I would hope that Democratic leaders would take Matt Stoller's advice...
The admission that progressives are winning influence within the party is something I've noticed since my four years in politics. The party has been moving away from the DLC model of triangulation, and towards the politics of contrast. This is natural for an opposition party, but it also means that not listening to the progressive base could cause an increasing number of problems for centrists Democrats.
...to heart but I won't hold my breath.
Stoller is commenting on a piece by Ben Smith claiming Hillary Clinton is a shoe-in for the Democratic nomination (tons of money) and has a "50-50 chance" of actually winning the White House. Amazingly he doesn't say a thing about this bombshell.
I'm going to go out on a limb here and say that despite Hillary's money she doesn't have a chance in hell of winning the Democratic nomination and, were she to beat those odds she would be squashed like a grape in the highway in the general election.
Centrists and DLC types have consistently underestimated the strong sentiment against the Iraq war among the Democratic base. They have continued to try and play the middle by taking a powder on confronting the President both pre-war and, even more importantly in my view, after the invasion as the country sank into a bloody civil war. More than anything the Democratic party nominee for President in 2008 cannot be a pro-Iraq war candidate. The base simply won't have it.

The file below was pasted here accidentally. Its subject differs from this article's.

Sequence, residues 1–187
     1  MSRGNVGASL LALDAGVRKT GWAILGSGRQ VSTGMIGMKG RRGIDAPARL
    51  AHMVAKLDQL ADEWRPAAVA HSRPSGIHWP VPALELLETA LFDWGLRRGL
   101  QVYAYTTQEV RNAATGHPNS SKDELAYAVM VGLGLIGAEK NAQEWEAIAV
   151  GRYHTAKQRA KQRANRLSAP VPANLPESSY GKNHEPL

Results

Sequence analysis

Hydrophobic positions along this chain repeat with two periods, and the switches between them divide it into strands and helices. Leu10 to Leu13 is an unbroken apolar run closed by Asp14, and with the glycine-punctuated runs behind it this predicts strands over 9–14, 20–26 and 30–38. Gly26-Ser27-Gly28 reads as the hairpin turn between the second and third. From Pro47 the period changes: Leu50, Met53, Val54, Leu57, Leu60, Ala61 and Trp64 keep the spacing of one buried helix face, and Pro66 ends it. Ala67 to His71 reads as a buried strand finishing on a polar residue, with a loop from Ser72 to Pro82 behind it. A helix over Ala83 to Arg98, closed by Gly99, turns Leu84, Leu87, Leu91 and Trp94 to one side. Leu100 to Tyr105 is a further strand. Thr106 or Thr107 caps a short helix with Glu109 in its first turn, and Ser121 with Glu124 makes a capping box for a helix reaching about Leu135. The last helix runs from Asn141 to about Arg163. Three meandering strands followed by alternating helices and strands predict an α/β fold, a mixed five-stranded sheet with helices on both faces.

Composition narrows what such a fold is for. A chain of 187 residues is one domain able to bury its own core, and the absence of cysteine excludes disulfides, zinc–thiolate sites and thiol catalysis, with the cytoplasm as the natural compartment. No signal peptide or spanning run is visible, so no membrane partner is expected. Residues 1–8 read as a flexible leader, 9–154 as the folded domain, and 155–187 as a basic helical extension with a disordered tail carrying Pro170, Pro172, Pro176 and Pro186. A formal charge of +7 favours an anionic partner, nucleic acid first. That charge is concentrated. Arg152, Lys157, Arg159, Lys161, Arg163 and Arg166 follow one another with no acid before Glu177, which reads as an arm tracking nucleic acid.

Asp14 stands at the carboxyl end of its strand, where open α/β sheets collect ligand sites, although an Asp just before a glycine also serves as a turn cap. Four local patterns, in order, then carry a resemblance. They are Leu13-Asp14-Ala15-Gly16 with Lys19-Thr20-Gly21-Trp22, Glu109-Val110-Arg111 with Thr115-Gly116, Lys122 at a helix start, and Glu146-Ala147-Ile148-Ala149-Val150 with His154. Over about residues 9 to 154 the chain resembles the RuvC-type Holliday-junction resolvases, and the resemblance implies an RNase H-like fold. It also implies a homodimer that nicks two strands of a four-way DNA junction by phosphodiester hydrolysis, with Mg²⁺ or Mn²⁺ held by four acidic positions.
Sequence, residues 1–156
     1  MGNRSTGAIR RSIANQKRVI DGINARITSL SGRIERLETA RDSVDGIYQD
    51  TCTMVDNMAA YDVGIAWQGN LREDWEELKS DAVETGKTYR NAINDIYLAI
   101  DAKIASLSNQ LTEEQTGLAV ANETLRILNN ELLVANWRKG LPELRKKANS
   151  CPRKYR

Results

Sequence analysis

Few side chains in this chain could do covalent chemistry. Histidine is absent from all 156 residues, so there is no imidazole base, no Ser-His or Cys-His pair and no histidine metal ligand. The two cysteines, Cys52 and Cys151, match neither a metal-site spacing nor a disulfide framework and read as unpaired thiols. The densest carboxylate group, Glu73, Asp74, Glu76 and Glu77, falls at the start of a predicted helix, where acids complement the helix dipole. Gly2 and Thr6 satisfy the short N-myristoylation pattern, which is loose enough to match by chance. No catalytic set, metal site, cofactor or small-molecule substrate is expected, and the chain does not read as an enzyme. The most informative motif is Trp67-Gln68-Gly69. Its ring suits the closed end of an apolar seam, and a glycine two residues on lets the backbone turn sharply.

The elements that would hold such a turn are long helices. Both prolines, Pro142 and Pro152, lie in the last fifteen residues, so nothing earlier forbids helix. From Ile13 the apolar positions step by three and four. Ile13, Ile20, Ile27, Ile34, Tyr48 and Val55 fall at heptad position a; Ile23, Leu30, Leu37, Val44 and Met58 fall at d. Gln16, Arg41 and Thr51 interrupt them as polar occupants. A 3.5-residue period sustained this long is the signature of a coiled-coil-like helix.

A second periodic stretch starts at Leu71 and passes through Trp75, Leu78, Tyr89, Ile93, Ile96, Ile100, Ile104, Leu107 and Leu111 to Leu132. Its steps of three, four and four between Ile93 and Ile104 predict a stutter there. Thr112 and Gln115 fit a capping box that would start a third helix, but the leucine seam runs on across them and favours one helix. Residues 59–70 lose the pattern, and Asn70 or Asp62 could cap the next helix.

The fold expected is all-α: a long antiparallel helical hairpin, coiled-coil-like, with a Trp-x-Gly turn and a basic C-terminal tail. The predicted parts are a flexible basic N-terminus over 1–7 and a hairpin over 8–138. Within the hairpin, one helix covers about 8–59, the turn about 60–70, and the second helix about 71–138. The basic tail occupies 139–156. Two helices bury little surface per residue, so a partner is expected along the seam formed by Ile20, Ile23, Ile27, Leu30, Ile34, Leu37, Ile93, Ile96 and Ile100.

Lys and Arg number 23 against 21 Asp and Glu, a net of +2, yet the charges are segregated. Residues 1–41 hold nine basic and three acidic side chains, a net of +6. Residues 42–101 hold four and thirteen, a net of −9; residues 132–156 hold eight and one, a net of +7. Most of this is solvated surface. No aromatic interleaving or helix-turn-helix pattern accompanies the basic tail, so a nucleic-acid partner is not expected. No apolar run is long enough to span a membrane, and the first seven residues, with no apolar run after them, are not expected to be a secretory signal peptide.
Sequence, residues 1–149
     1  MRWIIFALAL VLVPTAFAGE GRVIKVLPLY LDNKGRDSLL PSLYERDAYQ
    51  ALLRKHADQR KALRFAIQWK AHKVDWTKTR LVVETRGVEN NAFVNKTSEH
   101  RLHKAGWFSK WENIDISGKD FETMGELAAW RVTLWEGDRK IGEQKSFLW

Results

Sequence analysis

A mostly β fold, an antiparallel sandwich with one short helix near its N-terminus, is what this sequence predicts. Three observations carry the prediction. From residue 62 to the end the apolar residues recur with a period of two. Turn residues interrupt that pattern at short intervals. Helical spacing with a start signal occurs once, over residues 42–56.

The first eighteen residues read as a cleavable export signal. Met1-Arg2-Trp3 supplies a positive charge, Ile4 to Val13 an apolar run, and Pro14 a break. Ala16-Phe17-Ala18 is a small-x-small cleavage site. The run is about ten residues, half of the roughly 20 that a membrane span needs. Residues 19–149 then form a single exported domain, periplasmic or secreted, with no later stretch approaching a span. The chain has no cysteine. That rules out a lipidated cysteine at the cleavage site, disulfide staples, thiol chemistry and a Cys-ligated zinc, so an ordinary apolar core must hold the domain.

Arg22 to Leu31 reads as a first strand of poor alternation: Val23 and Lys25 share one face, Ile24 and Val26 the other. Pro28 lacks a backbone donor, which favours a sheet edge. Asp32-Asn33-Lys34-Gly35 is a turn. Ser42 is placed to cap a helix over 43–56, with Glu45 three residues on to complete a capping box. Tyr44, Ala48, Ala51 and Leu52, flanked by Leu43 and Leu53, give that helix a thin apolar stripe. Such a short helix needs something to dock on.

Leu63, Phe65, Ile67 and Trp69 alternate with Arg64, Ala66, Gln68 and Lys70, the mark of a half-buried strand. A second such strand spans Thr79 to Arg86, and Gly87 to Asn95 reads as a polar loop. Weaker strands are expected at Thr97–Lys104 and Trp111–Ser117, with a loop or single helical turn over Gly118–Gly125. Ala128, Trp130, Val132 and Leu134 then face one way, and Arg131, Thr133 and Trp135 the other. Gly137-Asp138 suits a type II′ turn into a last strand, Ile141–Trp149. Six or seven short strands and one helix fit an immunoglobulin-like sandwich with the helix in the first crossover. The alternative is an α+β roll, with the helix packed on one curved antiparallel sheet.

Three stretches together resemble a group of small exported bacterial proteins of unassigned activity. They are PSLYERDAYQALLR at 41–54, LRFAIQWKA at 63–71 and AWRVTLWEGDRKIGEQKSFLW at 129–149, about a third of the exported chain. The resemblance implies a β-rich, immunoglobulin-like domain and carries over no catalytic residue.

But were she to beat the odds and slap the base down by winning the nomination her candidacy would be DOA. The political strategy she's been operating under seems to be an assumption that her base is in the bag (hardly) so she can afford to take "centrist*" positions early on in order to attract undecideds in the general election. Conventional wisdom has held that undecideds are the ones that actually decide elections.
George W. Bush has proven that this particular bit of conventional wisdom is wrong. Voters have become increasingly apathetic over the last several years with the importance of undecided voters diminishing as fewer and fewer actually go to the polls. The important thing to winning an election now is getting out your base on election day.
Short of a very public mea culpa and a loud denunciation of the war in Iraq and Bush's handling of same there's no way the Democratic base would turn out vote for Hillary and she would lose the election handily.
(* With over half the country now opposed to the Iraq war I'm not even sure you could say that a position supporting the President's handling of same could be deemed "centrist.")